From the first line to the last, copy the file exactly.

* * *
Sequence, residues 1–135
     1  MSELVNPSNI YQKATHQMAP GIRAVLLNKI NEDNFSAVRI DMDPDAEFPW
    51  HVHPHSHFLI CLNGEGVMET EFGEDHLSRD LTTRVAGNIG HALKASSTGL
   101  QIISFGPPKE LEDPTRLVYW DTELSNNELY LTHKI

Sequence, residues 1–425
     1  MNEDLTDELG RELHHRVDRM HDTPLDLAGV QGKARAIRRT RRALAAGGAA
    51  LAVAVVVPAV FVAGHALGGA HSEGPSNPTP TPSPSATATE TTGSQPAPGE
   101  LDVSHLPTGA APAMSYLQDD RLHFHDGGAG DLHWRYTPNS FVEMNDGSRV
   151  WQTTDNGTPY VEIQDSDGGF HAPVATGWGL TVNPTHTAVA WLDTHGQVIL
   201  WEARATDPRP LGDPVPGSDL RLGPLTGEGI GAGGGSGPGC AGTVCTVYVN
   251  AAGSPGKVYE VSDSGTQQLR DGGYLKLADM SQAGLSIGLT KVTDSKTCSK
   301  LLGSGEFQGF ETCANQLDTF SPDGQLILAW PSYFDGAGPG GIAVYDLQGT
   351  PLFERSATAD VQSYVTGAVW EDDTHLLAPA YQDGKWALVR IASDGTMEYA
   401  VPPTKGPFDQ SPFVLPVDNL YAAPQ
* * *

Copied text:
Sequence, residues 1–135
     1  MSELVNPSNI YQKATHQMAP GIRAVLLNKI NEDNFSAVRI DMDPDAEFPW
    51  HVHPHSHFLI CLNGEGVMET EFGEDHLSRD LTTRVAGNIG HALKASSTGL
   101  QIISFGPPKE LEDPTRLVYW DTELSNNELY LTHKI

Sequence, residues 1–425
     1  MNEDLTDELG RELHHRVDRM HDTPLDLAGV QGKARAIRRT RRALAAGGAA
    51  LAVAVVVPAV FVAGHALGGA HSEGPSNPTP TPSPSATATE TTGSQPAPGE
   101  LDVSHLPTGA APAMSYLQDD RLHFHDGGAG DLHWRYTPNS FVEMNDGSRV
   151  WQTTDNGTPY VEIQDSDGGF HAPVATGWGL TVNPTHTAVA WLDTHGQVIL
   201  WEARATDPRP LGDPVPGSDL RLGPLTGEGI GAGGGSGPGC AGTVCTVYVN
   251  AAGSPGKVYE VSDSGTQQLR DGGYLKLADM SQAGLSIGLT KVTDSKTCSK
   301  LLGSGEFQGF ETCANQLDTF SPDGQLILAW PSYFDGAGPG GIAVYDLQGT
   351  PLFERSATAD VQSYVTGAVW EDDTHLLAPA YQDGKWALVR IASDGTMEYA
   401  VPPTKGPFDQ SPFVLPVDNL YAAPQ